Twitter Provides Update On Spam Accounts As Elon Musk Raises Concerns

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Twitter has revealed that it removes over one million spam accounts from the platform each day. The company shared the information in a media briefing Thursday. The figure is doubled from its last update in May when CEO Parag Agrawal stated that over half a million spam accounts are kicked off Twitter every day. However, the social network biggie has reiterated that fake accounts constitute less than five percent of its monetizable daily active users. It has held that position since 2013.

Twitter’s latest update on spam accounts comes as Elon Musk demands more details on its methodology of counting fake or spam accounts. Musk, who has inked a deal to purchase the company for $44 billion, believes that the methodology is flawed. The Tesla CEO suggests the social network has a lot more fake/bot accounts than it admits. He has threatened to back away from the deal unless Twitter shows proof that it isn’t falsely reporting the figures.

The number of spam accounts that Twitter suspends daily doubling to one million in just over a month suggests either the proportion of such accounts is more than five percent or they are growing fast. Either way, this is precisely what Musk is concerned about. Twitter last month said that it would give the potential new owner of the company access to its “firehose” API. This would let him make his own analysis of the proportion of spam accounts.


Twitter says externally estimating spam accounts wouldn’t be possible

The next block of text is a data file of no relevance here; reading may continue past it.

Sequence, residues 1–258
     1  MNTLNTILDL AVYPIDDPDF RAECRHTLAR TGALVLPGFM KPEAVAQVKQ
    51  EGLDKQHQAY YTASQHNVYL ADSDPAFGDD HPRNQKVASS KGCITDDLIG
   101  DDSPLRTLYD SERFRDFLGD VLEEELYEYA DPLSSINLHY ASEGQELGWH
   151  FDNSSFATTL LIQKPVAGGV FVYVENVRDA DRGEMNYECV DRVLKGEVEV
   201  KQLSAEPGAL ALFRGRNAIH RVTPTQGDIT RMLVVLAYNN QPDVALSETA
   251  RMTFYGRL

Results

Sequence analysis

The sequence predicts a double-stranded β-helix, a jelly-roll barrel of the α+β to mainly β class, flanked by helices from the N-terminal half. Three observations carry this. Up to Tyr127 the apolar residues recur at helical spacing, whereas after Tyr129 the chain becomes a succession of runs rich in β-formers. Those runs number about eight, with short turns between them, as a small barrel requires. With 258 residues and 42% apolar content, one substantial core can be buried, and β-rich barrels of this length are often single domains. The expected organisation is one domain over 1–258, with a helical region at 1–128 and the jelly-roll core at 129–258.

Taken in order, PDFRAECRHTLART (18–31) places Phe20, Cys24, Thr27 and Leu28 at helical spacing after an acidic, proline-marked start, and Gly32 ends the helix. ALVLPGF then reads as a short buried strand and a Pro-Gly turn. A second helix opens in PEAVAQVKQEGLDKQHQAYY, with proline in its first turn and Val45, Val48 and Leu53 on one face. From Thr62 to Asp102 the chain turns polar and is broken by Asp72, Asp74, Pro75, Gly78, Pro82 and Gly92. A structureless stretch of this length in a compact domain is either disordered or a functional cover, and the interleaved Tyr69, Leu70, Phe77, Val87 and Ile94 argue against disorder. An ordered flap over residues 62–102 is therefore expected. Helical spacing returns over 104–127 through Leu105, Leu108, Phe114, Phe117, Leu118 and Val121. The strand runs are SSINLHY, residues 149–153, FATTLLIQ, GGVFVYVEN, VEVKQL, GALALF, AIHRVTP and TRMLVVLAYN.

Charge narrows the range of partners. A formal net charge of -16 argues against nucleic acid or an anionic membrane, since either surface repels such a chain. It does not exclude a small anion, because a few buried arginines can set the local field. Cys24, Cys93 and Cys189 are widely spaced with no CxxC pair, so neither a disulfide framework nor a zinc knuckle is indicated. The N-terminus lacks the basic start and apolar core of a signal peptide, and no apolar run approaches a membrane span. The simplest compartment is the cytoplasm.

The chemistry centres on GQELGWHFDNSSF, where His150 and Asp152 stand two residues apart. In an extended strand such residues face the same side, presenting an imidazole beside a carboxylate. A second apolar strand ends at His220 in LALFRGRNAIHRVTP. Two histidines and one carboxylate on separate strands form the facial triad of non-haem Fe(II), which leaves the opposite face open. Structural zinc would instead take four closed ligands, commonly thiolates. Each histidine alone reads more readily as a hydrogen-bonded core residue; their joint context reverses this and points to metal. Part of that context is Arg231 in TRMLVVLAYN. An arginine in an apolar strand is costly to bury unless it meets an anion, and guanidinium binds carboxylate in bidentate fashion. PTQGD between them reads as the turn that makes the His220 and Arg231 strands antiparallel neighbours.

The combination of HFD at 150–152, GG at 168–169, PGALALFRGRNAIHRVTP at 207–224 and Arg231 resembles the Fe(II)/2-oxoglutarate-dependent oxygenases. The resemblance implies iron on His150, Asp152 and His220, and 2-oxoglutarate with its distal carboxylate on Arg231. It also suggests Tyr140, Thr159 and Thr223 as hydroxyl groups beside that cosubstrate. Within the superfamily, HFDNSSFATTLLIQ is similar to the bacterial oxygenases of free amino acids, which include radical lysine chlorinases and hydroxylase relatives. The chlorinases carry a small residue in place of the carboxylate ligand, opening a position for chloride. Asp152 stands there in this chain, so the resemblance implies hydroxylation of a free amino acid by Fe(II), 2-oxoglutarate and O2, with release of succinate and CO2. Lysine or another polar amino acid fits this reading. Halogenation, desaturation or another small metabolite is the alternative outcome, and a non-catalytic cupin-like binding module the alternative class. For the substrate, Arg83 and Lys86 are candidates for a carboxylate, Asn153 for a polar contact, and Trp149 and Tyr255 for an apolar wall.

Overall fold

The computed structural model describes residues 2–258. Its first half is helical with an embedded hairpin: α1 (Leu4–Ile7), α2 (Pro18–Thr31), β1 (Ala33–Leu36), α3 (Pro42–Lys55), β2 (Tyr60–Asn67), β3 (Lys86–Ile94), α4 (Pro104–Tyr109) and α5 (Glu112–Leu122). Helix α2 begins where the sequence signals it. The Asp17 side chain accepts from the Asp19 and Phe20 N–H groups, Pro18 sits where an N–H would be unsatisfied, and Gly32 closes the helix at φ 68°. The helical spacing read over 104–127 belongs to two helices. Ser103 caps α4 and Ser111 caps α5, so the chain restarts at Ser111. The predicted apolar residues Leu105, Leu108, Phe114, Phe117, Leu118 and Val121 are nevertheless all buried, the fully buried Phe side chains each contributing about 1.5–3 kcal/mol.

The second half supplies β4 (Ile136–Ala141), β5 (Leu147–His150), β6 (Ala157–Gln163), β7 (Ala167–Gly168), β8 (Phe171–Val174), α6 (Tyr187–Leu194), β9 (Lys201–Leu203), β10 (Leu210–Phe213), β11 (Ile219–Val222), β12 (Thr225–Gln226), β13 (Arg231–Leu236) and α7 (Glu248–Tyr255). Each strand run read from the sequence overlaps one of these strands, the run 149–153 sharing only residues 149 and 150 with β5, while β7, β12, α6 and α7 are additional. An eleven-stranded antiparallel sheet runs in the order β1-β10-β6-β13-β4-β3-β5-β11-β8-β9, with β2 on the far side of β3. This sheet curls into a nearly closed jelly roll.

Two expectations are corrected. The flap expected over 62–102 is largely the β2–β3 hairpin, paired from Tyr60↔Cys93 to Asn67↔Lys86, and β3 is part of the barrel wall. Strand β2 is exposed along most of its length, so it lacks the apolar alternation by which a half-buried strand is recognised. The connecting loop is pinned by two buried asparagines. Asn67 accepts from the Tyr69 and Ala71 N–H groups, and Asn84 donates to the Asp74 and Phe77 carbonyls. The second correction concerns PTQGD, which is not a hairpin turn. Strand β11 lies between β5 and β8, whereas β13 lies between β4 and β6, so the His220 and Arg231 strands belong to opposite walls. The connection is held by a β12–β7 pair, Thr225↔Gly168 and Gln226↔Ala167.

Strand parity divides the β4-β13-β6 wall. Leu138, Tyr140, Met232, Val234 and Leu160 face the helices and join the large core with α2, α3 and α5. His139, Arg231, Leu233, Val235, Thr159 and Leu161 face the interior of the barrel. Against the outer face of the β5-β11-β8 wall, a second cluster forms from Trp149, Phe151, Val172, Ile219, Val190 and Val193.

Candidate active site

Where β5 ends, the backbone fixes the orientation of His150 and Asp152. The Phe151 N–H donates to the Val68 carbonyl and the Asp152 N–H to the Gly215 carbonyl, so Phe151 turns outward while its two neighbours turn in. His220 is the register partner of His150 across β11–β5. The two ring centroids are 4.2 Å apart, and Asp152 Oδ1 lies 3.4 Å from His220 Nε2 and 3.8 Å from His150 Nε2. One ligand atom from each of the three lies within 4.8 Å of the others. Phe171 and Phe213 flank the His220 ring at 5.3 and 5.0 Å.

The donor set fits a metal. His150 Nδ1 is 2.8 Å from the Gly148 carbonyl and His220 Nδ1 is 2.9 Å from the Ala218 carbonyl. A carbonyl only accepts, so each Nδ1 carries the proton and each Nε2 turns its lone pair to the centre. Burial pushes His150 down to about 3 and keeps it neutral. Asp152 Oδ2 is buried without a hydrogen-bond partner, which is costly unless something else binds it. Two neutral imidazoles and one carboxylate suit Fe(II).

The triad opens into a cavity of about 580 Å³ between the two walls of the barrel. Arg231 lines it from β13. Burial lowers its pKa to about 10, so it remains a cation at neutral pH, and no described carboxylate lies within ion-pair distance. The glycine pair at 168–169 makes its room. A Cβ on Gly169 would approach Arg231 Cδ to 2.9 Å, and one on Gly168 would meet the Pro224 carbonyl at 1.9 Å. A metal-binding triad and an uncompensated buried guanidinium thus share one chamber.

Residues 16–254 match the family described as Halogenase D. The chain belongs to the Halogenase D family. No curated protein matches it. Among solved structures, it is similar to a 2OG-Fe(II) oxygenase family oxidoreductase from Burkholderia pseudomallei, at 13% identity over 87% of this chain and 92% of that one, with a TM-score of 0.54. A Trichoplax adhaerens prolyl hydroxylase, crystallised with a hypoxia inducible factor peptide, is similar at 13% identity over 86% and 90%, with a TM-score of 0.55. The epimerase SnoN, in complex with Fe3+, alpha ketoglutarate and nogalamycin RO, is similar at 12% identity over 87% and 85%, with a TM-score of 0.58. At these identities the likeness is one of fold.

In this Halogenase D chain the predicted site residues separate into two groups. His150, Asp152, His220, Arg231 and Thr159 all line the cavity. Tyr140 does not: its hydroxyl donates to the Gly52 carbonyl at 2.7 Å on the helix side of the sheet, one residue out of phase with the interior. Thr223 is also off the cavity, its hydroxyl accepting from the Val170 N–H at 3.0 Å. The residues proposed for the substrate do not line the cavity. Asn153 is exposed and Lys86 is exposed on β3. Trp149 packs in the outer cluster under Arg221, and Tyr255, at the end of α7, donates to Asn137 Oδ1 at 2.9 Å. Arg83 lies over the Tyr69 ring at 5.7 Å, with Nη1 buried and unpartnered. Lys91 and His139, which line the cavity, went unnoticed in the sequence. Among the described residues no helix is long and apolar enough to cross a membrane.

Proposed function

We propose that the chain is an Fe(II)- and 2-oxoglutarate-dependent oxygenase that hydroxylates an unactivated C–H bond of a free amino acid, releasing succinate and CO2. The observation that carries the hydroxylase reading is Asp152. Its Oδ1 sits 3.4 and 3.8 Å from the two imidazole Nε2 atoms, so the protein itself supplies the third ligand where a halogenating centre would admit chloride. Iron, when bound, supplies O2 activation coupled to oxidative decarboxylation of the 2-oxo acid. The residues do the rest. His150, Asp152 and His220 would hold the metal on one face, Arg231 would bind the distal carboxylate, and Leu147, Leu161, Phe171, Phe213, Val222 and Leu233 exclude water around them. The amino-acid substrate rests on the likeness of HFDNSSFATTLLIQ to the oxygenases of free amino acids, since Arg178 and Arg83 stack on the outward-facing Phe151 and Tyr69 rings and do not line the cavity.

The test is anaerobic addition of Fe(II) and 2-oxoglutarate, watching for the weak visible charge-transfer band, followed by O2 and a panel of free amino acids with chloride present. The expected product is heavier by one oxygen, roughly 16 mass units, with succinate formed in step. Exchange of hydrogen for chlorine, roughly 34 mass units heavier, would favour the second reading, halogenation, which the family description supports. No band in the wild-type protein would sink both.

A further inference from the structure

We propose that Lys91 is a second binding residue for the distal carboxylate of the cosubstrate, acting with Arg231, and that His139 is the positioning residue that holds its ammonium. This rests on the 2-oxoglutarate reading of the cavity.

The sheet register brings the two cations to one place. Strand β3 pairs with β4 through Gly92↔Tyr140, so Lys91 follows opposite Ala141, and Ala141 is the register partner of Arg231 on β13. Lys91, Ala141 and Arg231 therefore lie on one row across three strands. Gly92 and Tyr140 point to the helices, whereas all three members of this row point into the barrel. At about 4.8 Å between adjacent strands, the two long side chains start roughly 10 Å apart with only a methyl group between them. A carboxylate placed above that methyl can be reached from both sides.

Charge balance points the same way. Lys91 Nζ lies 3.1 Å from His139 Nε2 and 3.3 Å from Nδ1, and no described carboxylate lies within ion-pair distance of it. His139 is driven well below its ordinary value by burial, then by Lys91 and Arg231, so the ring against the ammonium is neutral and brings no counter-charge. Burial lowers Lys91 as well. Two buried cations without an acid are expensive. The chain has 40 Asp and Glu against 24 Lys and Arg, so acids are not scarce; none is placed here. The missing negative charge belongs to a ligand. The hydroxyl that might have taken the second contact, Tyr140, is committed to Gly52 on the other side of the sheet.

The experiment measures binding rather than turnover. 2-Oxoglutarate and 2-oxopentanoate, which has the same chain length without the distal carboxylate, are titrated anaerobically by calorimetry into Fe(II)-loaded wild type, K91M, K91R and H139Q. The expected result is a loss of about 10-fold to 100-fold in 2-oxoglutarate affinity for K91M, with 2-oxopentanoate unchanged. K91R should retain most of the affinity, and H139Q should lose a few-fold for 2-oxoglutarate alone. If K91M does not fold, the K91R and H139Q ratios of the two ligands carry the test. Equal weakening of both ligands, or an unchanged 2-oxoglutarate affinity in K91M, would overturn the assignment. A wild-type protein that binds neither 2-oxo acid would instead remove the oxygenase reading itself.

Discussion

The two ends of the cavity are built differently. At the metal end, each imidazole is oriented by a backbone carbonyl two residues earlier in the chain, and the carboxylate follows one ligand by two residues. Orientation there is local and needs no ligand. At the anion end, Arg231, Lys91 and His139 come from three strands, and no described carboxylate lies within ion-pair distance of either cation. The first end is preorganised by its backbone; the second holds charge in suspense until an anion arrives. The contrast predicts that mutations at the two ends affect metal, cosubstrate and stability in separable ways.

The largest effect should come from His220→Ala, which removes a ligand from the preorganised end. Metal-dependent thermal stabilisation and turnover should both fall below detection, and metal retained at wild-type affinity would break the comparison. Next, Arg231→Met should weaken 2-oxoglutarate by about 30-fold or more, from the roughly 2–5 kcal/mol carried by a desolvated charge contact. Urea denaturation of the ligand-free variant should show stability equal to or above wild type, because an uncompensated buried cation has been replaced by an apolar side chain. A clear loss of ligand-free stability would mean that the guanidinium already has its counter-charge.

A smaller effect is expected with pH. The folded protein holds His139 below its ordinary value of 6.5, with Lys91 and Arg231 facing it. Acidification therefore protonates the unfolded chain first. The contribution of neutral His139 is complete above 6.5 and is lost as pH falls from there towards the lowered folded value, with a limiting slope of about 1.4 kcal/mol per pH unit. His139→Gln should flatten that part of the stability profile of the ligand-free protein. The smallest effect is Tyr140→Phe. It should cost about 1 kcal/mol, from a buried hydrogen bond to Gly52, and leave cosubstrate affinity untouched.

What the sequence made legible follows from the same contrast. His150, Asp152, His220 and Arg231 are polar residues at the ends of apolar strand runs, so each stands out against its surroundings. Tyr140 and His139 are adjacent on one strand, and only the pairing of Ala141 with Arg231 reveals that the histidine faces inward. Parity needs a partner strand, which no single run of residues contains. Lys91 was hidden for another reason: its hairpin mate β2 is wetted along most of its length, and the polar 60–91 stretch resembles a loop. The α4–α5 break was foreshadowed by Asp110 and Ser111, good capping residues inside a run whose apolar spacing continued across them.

Agrawal’s update in May stated that Twitter estimates the number based on multiple human reviews. It checks thousands of accounts sampled at random over time. “We do this every quarter, and we have been doing this for many years,” he said. The Twitter CEO also revealed that the company locks millions of suspected accounts each week.

However, all this info doesn’t seem to be enough for Musk. He wants concrete evidence that Twitter does have well over 220 daily active users who are served ads, as the company claims. After all, he is willing to shell out no less than $44 billion on it.

Unfortunately, Twitter has made it clear that the estimation of fake accounts wouldn’t be possible externally. It requires critical private information that the company cannot share. Referring to an account with no profile pic and odd tweets, Agrawal said that it might “seem like a bot or spam to you, but behind the scenes, we often see multiple indicators that it’s a real person.”


The Twitter board has already approved Musk’s proposed buyout of the company and has also recommended that shareholders approve it too. But the concerns over spam accounts have emerged as a big hurdle in this high-profile privatization of the social network biggie. We will keep you posted on this saga.